Important Considerations for Paying Off Debts
Consumer debt is on the increase. With tuition rates on a continual increase, student loans are a considerable part of the debt that the younger Gen X, Millennial, and Gen Z populations face. Mortgages, auto loans, and credit card debt round out the types of debt that a majority of Americans will assume throughout their lifetime. While having some debt can boost your credit score, having too much debt can quickly become overwhelming. Here are a few considerations for paying off debt and planning your debt repayment process.
Good Debt vs. Bad Debt
There is such a thing as “good debt,” within the parameters of a budget and the definition is largely situated on the return on the investment versus the cost of obtaining and maintaining the loan. Going into debt for school, obtaining a mortgage, or starting a business are often seen as good debt. Why? Because they are investments that tend to appreciate in value over time. Certainly, there are downsides. Depending on your chosen major in college, there are some areas of study that reap higher income levels (e.g. science, technology, engineering, and math). And not all businesses survive their first five years of operation.
But when compared to things like credit card debt or an automotive loan, attending school, buying a home or kickstarting a new business are appreciative investments. Meanwhile, high interest rates on credit cards (which are higher than mortgages or other forms of collateralized debt) translate into you paying more for consumable items than you would if you’d paid cash.
Should You Pay Debt Off Early?
While paying off debt, in general, is a good move to make, whether you should pay off your debt early depends on several factors:
- Your current financial situation (do you have extra cash left over after paying all of your bills for the month and do you have an emergency fund in place?).
- The interest rates on the various debt.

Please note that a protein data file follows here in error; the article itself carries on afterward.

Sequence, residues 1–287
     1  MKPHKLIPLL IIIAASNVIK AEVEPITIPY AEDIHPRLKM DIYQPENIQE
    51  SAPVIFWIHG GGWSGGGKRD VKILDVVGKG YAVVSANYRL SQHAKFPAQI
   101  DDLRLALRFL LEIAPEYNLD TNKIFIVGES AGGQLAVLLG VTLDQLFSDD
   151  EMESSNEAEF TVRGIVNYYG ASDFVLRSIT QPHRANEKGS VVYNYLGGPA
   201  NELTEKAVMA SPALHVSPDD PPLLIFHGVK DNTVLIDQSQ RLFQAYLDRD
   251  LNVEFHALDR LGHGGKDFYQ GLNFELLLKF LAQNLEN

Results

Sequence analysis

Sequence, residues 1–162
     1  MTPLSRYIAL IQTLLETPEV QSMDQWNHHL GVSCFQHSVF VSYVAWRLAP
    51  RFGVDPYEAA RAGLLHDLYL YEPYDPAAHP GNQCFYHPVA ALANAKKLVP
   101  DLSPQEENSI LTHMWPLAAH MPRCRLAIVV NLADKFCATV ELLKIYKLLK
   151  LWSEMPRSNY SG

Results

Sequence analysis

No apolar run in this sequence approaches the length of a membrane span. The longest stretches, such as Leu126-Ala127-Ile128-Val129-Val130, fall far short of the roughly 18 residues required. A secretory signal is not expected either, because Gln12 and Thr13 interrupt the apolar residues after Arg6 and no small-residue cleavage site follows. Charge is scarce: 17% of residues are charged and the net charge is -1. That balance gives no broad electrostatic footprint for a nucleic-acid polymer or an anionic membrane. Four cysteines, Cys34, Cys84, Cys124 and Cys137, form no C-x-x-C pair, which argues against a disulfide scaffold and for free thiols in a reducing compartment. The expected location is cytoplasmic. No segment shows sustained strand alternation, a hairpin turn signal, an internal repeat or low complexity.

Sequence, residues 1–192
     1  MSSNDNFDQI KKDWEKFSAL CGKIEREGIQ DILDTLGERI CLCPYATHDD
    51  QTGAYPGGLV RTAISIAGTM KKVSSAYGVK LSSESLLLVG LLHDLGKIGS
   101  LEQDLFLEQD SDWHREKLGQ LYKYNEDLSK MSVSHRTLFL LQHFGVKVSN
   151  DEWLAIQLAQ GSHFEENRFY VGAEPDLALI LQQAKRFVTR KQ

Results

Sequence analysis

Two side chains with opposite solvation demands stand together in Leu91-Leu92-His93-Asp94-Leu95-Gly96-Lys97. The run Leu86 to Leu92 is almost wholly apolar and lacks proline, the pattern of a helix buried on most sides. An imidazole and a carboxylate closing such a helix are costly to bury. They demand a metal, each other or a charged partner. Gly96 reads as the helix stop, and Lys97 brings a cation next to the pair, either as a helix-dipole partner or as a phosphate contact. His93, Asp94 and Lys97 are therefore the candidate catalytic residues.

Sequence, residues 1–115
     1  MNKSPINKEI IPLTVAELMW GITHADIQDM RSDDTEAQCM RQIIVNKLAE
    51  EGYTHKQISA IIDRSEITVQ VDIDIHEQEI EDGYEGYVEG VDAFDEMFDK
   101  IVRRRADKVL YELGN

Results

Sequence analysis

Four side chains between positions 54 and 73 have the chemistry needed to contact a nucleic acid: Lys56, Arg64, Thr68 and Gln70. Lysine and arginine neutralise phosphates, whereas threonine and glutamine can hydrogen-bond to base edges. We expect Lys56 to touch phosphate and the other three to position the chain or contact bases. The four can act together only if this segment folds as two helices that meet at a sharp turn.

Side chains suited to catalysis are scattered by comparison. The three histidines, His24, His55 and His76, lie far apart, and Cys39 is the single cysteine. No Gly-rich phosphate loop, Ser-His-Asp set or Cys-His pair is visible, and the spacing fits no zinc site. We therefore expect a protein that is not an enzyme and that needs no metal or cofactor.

- Potential tax incentives such as for mortgages and student loans.
- Possible penalties for early debt repayment.
Also, the type of debt often determines the benefits—if there are any—to early repayment. School loans, for example, stick with you regardless of your financial situation. They will not be removed in the event of a bankruptcy. There are various tax credits for continuing to pay off the loan over time. However, these can change depending on decisions made by the current presidential administration and the U.S. Congress. One thing to consider is how that monthly expenditure can be turned into income. Once the school loan is paid off, that same amount can be shuttled into an investment account that earns interest. Therefore, you’ll be earning money rather than losing it.
Auto Loan Debt Repayment
Unless there is a stipulation in the auto loan contract that penalizes you for early repayment, this is one debt that is prime for paying off ahead of time. As much as you may enjoy your vehicle, it is a drain on your income and consistently depreciates over time. While it’s good to keep some debt on your credit record to demonstrate you’re a responsible debtor, that money could be used elsewhere to improve your financial position directly.
Mortgage Loan Debt Repayment
Mortgages have more flexibility in terms of early payment benefits. Although you’re purchasing (or have purchased) a home to live in, homes appreciate in value. So, you’ve already started your investment income by purchasing this type of asset. Should you have extra money on hand, you could also direct it into an investment account and earn interest more quickly than you would by paying off the mortgage. This also depends on whether or not you intend to sell your home at a future time. Though it’s considered to be an investment, it’s not an asset that provides an immediate yield, meaning you have to sell the home in the right market conditions to make a profit.
Credit Card Debt Repayment
Credit cards are an excellent way to build your credit score. But they have high interest rates, and yearly fees offset this benefit over time. Reducing your credit card balances also minimizes your debt to income ratio, which is an important factor for determining your credit score and the possibility of obtaining other loans. Carrying small balances and paying them off quickly is a great way to keep your credit score on the high end. So, paying off credit cards early is most beneficial as it lowers your monthly expenditures while maintaining good credit.
Plan Your Debt Repayment Strategy Today
Always read the fine print of loan contracts and the credit card terms and conditions carefully. Repaying all debt frees up your cash for other things including investments that actually earn you money rather than draining your bank account.